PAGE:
• Make sure they turn their privacy settings off.
  • If students don’t have a Twitter account or want to keep their current account private, they can create a course specific account (i.e. TCU_lastname) to keep things separate.


Millennials love YouTube! A report from the Intelligence Group states that 74% of 14-18 year olds and 68% of 19-24 year olds use YouTube. There are two basic ways to use YouTube in your classes: instructor-led or student-led. First, you can curate or create content to share with students. This might be short video clips that you add to a favorites list, or a YouTube channel, for students to view outside of class. Alternately, you can create your own content for students to view – review sessions, additional material you want to highlight after class, or lectures for students to watch before they come to class are all ways to use the tool.
You can also use YouTube to allow students to create content. Students often really enjoy creating content. Many students are comfortable using video creation tools and most phones and laptops have easy-to-use apps for creating videos. You can have students create and upload videos that add to course content. For example, I allow
my students to upload a video summarizing their group project. This has been a very popular option – students love to create videos, share them with the class, and watch the videos of other teams.

Tips for using YouTube:

  • Create a YouTube channel for students to watch or have students create their own channels.
  • If privacy is a concern, you can allow students to create a “private” video and then invite you via email.


The newest, and most interesting, tool that I have been playing with recently is TedEd. TedEd allows you to take Ted talks and/or YouTube videos and create lessons around them. Accounts are free for educators and it is an incredibly easy tool to use. You just set up an account and then click to create a lesson. You can either choose a Ted talk or YouTube video you are familiar with or search by subject area. Often when you search for a Ted speaker it will find and include other related videos that you can add to your lesson. Once you choose a video you are prompted to create questions, discussions, and have students think about issues related to the video you present.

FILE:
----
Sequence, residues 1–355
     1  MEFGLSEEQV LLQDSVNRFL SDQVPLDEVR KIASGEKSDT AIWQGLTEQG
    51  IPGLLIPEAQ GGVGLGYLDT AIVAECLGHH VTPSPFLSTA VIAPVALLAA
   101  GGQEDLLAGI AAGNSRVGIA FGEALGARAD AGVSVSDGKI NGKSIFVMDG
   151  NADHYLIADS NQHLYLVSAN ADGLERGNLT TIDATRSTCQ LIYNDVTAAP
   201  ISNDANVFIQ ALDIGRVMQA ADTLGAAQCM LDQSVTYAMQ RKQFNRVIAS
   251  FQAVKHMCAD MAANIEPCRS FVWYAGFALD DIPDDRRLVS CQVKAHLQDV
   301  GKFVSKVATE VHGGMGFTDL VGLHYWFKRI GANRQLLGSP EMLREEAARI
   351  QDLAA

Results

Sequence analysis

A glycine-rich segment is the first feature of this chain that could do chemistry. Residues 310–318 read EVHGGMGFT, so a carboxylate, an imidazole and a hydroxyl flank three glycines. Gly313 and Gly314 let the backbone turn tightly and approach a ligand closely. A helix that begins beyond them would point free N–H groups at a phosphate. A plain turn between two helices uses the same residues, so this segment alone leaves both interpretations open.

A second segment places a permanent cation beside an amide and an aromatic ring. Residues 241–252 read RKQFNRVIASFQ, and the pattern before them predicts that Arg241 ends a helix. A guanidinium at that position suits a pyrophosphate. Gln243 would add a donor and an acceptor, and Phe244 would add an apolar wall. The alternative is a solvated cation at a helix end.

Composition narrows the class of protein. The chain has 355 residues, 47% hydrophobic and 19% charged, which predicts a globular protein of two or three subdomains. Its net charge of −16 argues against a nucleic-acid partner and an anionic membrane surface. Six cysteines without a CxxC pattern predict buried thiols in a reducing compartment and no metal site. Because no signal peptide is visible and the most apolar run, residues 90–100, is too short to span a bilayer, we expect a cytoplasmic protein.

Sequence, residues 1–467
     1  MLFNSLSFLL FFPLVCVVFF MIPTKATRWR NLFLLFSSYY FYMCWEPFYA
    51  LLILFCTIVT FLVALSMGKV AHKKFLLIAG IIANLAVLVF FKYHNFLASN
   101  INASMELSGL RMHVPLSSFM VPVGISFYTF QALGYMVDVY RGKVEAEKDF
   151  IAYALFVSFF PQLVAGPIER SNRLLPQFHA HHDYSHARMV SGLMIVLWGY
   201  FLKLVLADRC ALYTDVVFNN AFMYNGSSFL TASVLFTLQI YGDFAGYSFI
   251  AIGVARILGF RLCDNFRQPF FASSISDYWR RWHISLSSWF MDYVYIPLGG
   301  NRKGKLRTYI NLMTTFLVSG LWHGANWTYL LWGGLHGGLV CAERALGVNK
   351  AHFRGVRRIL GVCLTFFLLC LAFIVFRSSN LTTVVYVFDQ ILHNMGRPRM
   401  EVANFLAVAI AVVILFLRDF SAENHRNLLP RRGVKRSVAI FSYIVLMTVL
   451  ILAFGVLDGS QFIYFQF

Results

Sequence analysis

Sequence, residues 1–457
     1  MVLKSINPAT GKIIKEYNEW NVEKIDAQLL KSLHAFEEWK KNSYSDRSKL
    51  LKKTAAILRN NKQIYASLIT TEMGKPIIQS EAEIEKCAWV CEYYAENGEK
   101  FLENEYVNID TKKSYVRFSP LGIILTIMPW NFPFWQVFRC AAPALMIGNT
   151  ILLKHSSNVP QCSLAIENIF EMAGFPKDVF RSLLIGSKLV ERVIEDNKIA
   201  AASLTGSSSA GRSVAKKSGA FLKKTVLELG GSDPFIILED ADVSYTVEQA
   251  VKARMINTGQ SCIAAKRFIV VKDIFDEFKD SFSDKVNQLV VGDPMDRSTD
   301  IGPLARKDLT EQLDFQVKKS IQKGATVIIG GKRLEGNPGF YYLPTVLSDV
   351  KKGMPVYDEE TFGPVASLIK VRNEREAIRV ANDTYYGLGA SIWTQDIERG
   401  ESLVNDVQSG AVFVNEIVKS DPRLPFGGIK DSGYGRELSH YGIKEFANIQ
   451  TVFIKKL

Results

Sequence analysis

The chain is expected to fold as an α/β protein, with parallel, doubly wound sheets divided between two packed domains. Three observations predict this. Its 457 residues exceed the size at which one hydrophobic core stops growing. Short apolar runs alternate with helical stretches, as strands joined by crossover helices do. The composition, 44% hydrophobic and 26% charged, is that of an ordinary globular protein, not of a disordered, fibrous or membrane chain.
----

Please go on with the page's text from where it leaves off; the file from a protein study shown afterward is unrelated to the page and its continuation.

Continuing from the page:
Given the seamless integration with YouTube this is a great way to combine the videos that you or your students create and build a lesson around them. You can ask students to discuss the content and/or you could have students answer multiple choice questions to make sure that they are viewing and understanding content. This is a great addition to either a flipped classroom or a traditional one. Review an example of a quick and silly lesson that I just created.

Tips for TedEd:

  • Create quick content on days that school is cancelled due to inclement weather or university events, such as Honors Convocation.
  • Try it out if you are thinking of flipping your classroom (allows you to do a mini-flip).
  • Use it to add videos that you don’t have time to cover in class.

Adding social media options to your classes has never been easier! Don’t be afraid to play around with the vast array of tools at your disposal. If you would like more information about these tools, or information about other tools, email me at

Tracey Rockett
This article was written by Tracey Rockett, Department of Management, Entrepreneurship, and Leadership, and Koehler Center Fellow for Distance Education, for the Fall 2015 Issue of Insights.